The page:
- Getting integrated: Discuss some ways that you might strategically engage in self-presentation to influence the impressions of others in an academic, a professional, a personal, and a civic context.
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Communication in the Real World Copyright © 2016 by University of Minnesota is licensed under a Creative Commons Attribution-NonCommercial-ShareAlike 4.0 International License , except where otherwise noted.
Presenting yourself in a professional environment
Whether you know it or not, everyone works as a salesperson in some form or another and the brand you’re working for is yourself.
I know this may sound rather absurd or even philosophical. But simply put, we should all have the ability to promote ourselves, regardless of the situation. The logic that follows is simple; even if you have incredible skills and techniques that are not rivaled by anybody, if you don’t know how to market yourself appropriately, you probably won’t be able to take advantage of those skills.
So, I’d like to share two essential steps I always take to present myself well in professional settings, regardless of whether it’s an online discussion or job interview.
Step 1: Be reflective about who you are
As a menswear columnist, I am often asked for styling advice from friends and peers. Be it how to dress for a first internship or what color to pick for their first suit, there is a recurring pattern that boils down to one greater question: how do we conform ourselves to an established social construction?
While that’s certainly an important consideration to keep in mind before we make a decision, thinking it too much would be equally problematic. In fact, I would even encourage you to take a step back from focusing on how to fit into our surroundings. You first need to consider who you are as a person.
This could be best explained by a personal experience of mine, which you might find familiar.
Having grown up with social media being an essential part of my youth, I had been quite troubled by the constantly shifting fashion trend led by style idols (and influencers who came afterward) on what’s trendy or what not to wear.
Apart from the various economic and environmental implications that come with it (which could be another article all its own), the most concerning consequence of pursuing trends is that it made me less self-aware of my own tastes and passions.
To put this into perspective, no matter how nicely dressed I was in these clothing, I still wouldn’t look my absolute best because I was fundamentally mimicking or even living under someone else’s shadow.
Needless to say, you could expect I didn’t have much success in standing out, let alone having the opportunity to present myself effectively.
Fortunately, things took a turn when I was inspired by a few of my closest friends to tap into what I’m truly passionate about — craftsmanship and sustainability.
As a direct result of this rather monumental self-discovery, I also launched a blog called The Suitstainable Man , which examines the dynamic between my passions, along with men’s style.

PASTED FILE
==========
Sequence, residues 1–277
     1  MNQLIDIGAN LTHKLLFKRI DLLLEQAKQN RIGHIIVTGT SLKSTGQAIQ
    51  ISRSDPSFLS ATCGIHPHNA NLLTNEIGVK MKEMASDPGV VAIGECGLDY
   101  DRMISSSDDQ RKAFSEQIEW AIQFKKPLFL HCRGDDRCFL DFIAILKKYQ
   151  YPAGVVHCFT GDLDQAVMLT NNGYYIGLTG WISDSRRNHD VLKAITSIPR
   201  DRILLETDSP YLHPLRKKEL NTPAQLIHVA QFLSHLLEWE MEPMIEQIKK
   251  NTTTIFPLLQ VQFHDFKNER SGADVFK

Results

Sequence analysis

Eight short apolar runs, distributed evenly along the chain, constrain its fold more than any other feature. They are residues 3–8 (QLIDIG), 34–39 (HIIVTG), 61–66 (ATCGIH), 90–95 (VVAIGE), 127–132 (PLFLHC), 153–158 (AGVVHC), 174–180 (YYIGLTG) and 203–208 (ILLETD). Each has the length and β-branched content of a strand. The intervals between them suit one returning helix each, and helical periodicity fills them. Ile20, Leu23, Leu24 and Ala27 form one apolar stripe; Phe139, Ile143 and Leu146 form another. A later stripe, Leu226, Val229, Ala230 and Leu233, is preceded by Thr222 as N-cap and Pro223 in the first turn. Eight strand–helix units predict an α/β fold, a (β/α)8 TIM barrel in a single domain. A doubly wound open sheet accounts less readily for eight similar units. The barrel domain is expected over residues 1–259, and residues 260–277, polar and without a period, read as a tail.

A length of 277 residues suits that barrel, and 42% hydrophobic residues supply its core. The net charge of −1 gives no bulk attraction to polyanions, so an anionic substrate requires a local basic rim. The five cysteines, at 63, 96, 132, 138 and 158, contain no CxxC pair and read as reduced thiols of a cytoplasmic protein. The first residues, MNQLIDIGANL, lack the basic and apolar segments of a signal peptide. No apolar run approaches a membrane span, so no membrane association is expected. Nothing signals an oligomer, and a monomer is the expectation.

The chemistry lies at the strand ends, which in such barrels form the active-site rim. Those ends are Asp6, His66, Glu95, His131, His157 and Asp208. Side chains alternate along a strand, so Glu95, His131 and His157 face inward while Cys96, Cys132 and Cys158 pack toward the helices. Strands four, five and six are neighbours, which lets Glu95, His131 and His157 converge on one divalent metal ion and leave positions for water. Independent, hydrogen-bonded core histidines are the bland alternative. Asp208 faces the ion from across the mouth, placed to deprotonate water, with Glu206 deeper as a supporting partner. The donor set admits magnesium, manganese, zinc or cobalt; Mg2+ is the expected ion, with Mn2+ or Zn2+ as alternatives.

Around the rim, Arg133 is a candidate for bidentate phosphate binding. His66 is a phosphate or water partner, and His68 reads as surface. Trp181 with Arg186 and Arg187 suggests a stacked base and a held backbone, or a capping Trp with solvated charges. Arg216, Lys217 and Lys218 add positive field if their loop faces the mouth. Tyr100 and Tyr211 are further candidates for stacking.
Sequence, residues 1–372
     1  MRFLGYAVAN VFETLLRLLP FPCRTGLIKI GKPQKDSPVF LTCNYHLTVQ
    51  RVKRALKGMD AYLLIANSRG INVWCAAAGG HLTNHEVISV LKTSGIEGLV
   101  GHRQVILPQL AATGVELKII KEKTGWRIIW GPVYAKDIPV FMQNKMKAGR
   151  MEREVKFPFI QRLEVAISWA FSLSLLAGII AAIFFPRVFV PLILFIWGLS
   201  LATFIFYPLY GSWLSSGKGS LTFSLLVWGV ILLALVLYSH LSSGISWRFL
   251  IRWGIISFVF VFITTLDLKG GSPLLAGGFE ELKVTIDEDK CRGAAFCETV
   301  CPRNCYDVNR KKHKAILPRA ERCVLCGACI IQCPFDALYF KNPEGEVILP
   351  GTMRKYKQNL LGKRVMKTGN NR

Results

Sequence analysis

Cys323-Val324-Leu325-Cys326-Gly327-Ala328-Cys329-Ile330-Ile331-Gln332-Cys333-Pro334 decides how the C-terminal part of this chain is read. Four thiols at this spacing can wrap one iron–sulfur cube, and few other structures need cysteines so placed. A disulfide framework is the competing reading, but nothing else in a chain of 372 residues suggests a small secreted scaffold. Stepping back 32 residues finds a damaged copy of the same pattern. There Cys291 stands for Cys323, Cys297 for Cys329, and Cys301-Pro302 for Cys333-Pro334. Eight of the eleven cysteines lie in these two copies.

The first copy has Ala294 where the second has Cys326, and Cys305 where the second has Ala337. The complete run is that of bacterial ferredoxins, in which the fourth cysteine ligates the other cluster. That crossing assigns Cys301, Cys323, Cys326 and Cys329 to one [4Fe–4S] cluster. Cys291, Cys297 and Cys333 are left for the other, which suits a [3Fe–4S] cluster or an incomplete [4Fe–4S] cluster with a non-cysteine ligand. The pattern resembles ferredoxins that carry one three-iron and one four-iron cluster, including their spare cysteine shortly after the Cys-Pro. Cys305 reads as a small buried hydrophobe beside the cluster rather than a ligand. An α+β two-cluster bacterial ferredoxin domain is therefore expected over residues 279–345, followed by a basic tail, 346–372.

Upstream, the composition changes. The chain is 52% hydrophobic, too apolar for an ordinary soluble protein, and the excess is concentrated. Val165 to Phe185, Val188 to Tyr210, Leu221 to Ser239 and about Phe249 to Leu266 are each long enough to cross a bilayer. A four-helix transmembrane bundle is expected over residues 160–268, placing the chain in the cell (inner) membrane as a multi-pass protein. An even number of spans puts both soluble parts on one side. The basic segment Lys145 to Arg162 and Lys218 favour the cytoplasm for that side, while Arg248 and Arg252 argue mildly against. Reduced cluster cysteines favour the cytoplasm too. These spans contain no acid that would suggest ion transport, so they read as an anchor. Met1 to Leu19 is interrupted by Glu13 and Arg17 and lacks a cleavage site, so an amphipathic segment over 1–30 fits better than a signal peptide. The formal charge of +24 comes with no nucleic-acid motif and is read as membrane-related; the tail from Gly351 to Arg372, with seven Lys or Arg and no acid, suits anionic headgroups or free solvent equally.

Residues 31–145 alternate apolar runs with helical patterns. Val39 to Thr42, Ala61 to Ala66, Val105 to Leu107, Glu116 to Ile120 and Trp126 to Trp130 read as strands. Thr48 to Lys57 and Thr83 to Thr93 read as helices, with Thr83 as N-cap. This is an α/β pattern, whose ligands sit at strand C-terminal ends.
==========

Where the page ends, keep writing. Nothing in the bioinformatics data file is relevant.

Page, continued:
Since then, I’ve been able to work closely with firms and businesses in the tailoring and sustainable fashion industry to present insight and stories within the trade, as well as to spread ideas on my website for my readers to enjoy.
All in all, the lesson here is rather straightforward – In order to present yourself effectively, you have to be more reflective of who you are as a person and what you want to represent beforehand. Then, if you’re confident enough to stand for your ideals, you’re more than halfway ready to promote yourself professionally.
Step 2: Think from your audience’s perspective, and promote yourself accordingly
With that said, it’s not enough to just be self-aware and authentic to your own identity. You also need a self-assessment of your strengths and weaknesses to see if it appeals to your audience.
The truth is, while you shouldn’t conceal your passion just to promote yourself, you could always choose what to present or at least rephrase your words in order to captivate your audience.
My personal experience tells me that sometimes even though you’d consider some of your strength are worth highlighting over others, they may not necessarily be what others are looking for.
There could also be scenarios where you didn’t consider a strength that could end up playing a crucial role, namely by even allowing yourself to secure a job. This was precisely the case from my previous job as a marketing officer.
I recall that during the interview, I was asked to demonstrate sufficient experience to qualify for the role. While I could have taken the safe path by elaborating on the job duties of my previous internship experience (which perhaps would have been overkill by quantity), I decided not to present myself that way.
Instead, I took a risk by focusing on my work at The Suitstainable Man, which I’d recently launched at that time. By emphasizing how running a one-person brand requires me to have the expertise in both content creation and effective marketing, it certainly served as a better demonstration of why I was the fitting candidate for the role.
Next thing I knew, the company was asking when I could start working, and that was just a few hours after the interview!
So, remember to stay flexible. Your strengths and weaknesses are relative to the person you’re talking to. Trying to think from your audience’s perspective and whatever catches their eye will always be your strength.